WCRI Recap: Impact of Fee Schedules On Case Shifting in Work Comp

 

Hello, Michael Stack here, Principal of Amaxx and Founder of COMPClub.  The dust has settled on the WCRI conference which occurred about a week and a half ago.  I’d had a chance to look through my notes and I want to share some of my top take-aways from the sessions.

 

 

Do Higher Fee Schedules Affect The Number Of Workers’ Comp Cases?

 

Please note the results of this WCRI study are preliminary and subject to change.

 

The first session was called the Impact of Fee Schedules on Case Shifting in Workers’ Compensation.  And what they did in this session was ask the question “Do higher fee schedules end up having an impact on the number of cases that are considered workers’ compensation”. What they did was they took a look over a number of states, and the fee schedule in those states.   This is going to be a very rough draft outline of what that graph looked like.  But, essentially there were a number of states that were in the middle that had very similar fee schedules, and there were some outliers that were high and low.   It was ultimately the comparison of those outlier states that lead to the data in this study.

 

Basically they looked at the two different types of injuries, the two different classifications or main classifications of injuries.  And we all know there are some injuries in workers’ comp that are very clearly defined, they are clear as the causation of that injury.  And there are some that are unclear, or much more gray as far as that causation and much more up the doctor’s discretion to classify that particular injury.

 

Now these clear cases are typically trauma cases, these are physical injuries that require immediate medical attention right after the injury.  The unclear or gray-area claims, these are more the back injuries, stains, shoulder or knee injuries.  Again the causation is much more gray or unclear, and it’s very much up to the discretion of the doctor to define whether or not that injury would be considered workers’ compensation.

 

 

No Change When Causation Clearly Defined

 

So, the next thing they did was they looked at these fee schedules, the impact the fee schedule had on the number of claims.  The number of claims that were considered workers comp for that particular type of injury.  Here is what was interesting and really was the conclusion of this study. In these clear cases, the clearly defined cases, that the causation was very much known and undisputed, there was no change in the number of cases that were considered workers’ compensation.  When the causation was clearly defined, there was no change in the number of workers’ compensation cases.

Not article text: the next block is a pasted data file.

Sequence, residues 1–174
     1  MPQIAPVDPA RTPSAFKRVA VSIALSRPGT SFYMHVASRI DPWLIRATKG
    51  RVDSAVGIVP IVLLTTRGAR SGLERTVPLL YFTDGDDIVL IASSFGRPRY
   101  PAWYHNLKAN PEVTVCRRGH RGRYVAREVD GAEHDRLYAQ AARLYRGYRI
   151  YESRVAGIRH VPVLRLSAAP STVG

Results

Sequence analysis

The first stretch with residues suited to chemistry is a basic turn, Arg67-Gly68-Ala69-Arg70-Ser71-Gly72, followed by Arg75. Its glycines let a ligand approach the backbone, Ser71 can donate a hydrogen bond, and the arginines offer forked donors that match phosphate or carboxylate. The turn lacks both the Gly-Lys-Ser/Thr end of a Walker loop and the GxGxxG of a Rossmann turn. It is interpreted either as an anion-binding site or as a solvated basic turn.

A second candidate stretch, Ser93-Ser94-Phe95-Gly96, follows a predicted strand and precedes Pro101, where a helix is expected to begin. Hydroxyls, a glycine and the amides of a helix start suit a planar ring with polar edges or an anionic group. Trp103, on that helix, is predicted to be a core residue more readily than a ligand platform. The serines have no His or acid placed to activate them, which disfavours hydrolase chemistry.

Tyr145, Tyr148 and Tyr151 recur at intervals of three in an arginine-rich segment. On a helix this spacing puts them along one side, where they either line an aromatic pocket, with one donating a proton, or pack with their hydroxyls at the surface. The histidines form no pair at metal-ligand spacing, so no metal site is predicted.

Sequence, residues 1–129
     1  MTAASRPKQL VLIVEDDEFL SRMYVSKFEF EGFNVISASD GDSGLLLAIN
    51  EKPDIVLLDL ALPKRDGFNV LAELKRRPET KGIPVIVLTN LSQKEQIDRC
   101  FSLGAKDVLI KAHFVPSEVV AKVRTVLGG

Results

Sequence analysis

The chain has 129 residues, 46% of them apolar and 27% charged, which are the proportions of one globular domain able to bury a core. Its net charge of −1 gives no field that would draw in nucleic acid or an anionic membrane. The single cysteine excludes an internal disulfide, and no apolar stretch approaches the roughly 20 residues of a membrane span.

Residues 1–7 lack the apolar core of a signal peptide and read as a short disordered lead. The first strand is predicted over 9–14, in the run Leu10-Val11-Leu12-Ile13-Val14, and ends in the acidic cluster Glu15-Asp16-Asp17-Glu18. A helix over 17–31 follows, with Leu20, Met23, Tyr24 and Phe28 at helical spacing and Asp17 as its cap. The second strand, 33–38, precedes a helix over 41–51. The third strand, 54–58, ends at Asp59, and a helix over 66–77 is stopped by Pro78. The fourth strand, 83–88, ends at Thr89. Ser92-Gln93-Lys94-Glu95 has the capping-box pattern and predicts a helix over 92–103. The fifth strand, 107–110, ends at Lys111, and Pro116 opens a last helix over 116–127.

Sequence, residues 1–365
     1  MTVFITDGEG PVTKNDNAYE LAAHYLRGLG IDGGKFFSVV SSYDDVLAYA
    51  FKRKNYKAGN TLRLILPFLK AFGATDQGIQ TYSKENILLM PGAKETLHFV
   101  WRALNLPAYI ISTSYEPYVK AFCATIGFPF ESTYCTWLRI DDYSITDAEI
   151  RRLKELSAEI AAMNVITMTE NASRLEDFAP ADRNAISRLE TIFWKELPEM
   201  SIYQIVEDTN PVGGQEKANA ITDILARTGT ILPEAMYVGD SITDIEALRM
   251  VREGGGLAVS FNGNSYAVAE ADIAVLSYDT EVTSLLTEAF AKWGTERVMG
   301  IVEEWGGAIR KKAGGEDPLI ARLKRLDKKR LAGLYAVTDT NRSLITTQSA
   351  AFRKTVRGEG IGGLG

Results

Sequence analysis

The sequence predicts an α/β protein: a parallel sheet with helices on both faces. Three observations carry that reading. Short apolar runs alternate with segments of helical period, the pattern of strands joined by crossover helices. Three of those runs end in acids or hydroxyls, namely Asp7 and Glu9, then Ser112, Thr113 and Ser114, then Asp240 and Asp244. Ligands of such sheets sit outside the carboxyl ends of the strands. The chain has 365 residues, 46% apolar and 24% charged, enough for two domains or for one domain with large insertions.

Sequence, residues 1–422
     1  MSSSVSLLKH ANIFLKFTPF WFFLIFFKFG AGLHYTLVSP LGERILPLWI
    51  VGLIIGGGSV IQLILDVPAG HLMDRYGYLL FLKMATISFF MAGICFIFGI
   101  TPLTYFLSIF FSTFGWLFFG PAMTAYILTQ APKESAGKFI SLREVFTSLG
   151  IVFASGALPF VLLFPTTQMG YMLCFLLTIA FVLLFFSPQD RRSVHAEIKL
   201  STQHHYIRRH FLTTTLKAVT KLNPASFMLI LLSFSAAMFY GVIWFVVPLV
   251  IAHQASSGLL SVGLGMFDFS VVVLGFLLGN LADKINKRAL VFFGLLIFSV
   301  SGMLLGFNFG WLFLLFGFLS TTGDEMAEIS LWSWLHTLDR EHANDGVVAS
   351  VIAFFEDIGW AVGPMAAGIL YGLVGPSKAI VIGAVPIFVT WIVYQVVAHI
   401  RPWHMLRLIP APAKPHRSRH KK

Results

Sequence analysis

In the unclear, or gray area cases, when it was up to the discretion of the doctor to define whether or not it was a workers’ compensation case; what they found was that a 20% increase in the fee schedule lead to a 6% greater odds that case was considered workers compensation.  So, a 20% increase in the fee schedule for the provider, for that back injury, a 6% greater odds that case would be considered workers’ compensation.  And they equated this down to a 1.5% increase in costs.

 

Now 1.5% might now sound like a large percentage, but from a state level, from a policymaker level, that can equate to millions and millions of dollars.  So, what does this mean for you, what sort of an impact do these numbers and the results of this study have on your organization?

 

 

Understand Tendency Exists To Shift Gray-Area Claims

 

My take-away from this is really the understanding this tendency exists, the understand that this incentive exists at the provider level.  From a work comp management standpoint, the action step that I would recommend is to have a medical review become a standard part of your company compensability investigation.  I’ll say that one more time, so from a work comp management standpoint, have a medical review become a standard part of your company compensability investigation.

 

Because of this tendency, particularly on these unclear, or gray area claims, bringing that exertise to the table on your side can ensure that you are not accepting claims that you should not be, and thereby paying costs that you shouldn’t be paying.

 

So, again, in workers’ compensation, your success if defined by your integrity.  So, be great!

 

 

Author Michael Stack, Principal, COMPClub, Amaxx LLC. He is an expert in workers compensation cost containment systems and helps employers reduce their work comp costs by 20% to 50%.  He works as a consultant to large and mid-market clients, is co-author of Your Ultimate Guide To Mastering Workers Comp Costs, a comprehensive step-by-step manual of cost containment strategies based on hands-on field experience, and is founder of COMPClub, an exclusive member training program on workers compensation cost containment best practices. Through these platforms he is in the trenches on a working together with clients to implement and define best practices, which allows him to continuously be at the forefront of innovation and thought leadership in workers’ compensation cost containment. Contact: mstack@reduceyourworkerscomp.com.

 

 

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Do not use this information without independent verification. All state laws vary. You should consult with your insurance broker, attorney, or qualified professional.

 

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